“” Whenever I’m trying to make the argument that the internet is not all bad—or even all bad when it comes to kids—I invoke a hypothetical LGBTQ teen. This teen is growing up in a town or country where it’s risky to be out, and can’t count on family support, either.

A generation ago, that teen would have lived for the day they could move to a big city, or at least to a country that isn’t actively repressing gay and trans rights. Until that time, the story goes, they’d be condemned to a life of secrecy, loneliness and possibly even self-harm. Today, that teen doesn’t have to feel so alone—at least in theory—because the internet makes it possible to connect with other LGBTQ people all over the world.

But after years of invoking this hypothetical and heart-warming scenario, I found myself wondering: does it really do justice to the experience of LGBTQ people—or even LGBTQ teens—online? Pride Month seems like the perfect time to dig deeper, and to see what queer and media studies can tell us about the complex ways the internet has changed what it means to be part of the LGBTQ community. “”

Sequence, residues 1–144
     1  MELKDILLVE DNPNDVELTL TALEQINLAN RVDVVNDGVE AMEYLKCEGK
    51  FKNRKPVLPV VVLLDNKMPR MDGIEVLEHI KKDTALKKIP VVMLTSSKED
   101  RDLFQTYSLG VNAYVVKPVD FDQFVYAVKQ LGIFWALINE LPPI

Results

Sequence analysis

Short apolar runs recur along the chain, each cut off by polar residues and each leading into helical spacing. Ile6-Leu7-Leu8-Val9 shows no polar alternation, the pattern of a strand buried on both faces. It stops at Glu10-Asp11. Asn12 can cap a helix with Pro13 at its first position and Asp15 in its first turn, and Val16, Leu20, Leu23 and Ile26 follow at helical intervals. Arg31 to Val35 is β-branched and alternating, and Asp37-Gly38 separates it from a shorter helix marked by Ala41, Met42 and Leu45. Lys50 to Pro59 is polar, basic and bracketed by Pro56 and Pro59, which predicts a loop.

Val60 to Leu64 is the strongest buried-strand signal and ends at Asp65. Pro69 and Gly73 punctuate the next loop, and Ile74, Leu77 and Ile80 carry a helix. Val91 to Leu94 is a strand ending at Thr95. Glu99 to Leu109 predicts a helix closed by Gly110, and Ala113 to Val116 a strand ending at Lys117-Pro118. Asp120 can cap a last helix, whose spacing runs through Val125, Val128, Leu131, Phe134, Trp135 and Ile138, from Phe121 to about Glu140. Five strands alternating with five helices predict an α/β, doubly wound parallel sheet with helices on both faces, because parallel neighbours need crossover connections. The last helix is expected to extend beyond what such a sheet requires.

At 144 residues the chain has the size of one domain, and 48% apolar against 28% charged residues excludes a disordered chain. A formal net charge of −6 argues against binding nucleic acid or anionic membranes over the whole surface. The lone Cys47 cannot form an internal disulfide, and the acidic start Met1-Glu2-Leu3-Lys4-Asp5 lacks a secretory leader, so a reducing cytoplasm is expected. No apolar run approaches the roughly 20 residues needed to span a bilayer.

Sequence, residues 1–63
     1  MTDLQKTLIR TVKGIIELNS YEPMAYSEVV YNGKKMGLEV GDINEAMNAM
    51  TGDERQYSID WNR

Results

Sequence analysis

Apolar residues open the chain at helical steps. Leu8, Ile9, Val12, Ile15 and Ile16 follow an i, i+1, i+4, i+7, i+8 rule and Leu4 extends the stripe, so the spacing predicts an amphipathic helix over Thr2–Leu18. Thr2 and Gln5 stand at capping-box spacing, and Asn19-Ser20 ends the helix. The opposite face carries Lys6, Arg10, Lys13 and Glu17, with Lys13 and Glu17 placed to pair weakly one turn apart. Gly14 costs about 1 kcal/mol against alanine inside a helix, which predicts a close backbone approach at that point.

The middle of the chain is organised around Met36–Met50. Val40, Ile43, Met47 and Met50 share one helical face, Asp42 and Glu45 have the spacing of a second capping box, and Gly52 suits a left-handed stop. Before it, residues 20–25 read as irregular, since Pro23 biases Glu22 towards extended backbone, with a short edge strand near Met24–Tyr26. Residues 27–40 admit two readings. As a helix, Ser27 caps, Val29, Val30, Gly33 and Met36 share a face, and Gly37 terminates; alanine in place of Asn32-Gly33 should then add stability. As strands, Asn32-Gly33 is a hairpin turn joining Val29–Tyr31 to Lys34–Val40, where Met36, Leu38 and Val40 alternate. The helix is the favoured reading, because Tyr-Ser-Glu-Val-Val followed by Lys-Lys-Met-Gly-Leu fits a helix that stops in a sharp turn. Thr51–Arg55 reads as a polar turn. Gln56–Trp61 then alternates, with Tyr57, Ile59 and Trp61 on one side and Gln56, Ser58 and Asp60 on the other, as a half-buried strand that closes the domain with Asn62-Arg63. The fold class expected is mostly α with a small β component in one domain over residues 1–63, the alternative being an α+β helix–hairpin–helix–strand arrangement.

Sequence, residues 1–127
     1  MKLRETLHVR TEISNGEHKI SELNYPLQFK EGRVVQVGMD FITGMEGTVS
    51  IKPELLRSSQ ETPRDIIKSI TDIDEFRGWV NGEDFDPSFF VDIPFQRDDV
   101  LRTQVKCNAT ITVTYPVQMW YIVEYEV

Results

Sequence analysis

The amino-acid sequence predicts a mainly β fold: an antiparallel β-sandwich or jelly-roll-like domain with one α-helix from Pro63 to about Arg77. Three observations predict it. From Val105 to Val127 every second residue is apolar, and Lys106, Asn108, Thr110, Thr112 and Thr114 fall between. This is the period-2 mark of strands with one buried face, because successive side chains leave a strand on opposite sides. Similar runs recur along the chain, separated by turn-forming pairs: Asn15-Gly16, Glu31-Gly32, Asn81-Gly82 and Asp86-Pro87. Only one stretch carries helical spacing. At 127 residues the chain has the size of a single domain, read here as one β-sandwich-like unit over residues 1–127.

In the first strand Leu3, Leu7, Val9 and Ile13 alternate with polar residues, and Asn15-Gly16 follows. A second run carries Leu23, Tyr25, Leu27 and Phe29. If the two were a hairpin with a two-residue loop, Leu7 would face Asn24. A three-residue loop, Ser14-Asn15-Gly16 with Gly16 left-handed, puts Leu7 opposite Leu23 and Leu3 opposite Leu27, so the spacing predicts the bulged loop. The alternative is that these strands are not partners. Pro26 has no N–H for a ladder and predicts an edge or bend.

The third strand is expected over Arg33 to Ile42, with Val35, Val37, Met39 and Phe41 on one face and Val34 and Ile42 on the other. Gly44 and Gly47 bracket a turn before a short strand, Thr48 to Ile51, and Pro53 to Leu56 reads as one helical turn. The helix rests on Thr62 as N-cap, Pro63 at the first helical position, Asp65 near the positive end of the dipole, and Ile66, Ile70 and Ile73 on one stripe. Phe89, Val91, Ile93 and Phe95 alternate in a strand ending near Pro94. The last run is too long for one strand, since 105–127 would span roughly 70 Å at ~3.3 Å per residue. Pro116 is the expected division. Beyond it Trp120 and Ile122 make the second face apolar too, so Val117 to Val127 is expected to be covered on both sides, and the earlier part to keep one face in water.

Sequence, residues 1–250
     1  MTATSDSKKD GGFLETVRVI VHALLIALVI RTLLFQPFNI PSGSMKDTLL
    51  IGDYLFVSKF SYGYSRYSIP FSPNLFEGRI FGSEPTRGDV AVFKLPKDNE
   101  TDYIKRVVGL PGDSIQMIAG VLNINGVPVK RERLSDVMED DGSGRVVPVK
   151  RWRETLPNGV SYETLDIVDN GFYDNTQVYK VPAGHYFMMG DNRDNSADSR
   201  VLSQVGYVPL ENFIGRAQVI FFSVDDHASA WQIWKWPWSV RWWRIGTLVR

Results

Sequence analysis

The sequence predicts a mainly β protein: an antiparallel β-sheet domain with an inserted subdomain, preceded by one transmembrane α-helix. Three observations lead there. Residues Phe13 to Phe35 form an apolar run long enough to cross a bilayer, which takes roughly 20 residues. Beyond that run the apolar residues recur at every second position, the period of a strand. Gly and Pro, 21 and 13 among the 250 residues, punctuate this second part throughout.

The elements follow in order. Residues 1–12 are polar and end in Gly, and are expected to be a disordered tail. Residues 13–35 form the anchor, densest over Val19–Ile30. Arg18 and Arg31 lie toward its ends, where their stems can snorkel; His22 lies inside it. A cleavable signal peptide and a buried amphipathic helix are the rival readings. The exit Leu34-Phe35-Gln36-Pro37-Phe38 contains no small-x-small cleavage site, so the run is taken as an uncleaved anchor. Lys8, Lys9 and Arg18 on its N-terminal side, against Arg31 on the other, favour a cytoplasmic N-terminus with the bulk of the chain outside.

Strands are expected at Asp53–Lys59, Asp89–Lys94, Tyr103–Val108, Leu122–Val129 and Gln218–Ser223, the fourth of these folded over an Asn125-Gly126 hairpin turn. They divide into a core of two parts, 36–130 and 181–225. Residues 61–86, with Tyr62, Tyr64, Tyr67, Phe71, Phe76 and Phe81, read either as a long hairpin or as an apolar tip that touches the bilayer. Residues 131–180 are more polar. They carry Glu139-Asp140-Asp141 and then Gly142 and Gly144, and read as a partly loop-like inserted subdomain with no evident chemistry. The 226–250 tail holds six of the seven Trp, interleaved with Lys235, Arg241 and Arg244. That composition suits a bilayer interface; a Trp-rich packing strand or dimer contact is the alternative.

READ MORE–

New JSTOR NIST user? Click this link, and click on “Register” to create your own user ID & password. Write it down somewhere!!

Access from anywhere? Make sure you’re activated for the new school year by clicking here while using NIST WiFi

In her biweekly column “The Digital Voyage,” Alexandra Samuel investigates the key psychological, social, and practical challenges of migrating to an online world. Reach her on Twitter @awsamuel.

Welcome to NIST International School in Bangkok, Thailand
Your content goes here. Edit or remove this text inline or in the module Content settings.
Welcome to NIST International School in Bangkok, Thailand
Your content goes here. Edit or remove this text inline or in the module Content settings.
Welcome to NIST International School in Bangkok, Thailand
Your content goes here. Edit or remove this text inline or in the module Content settings.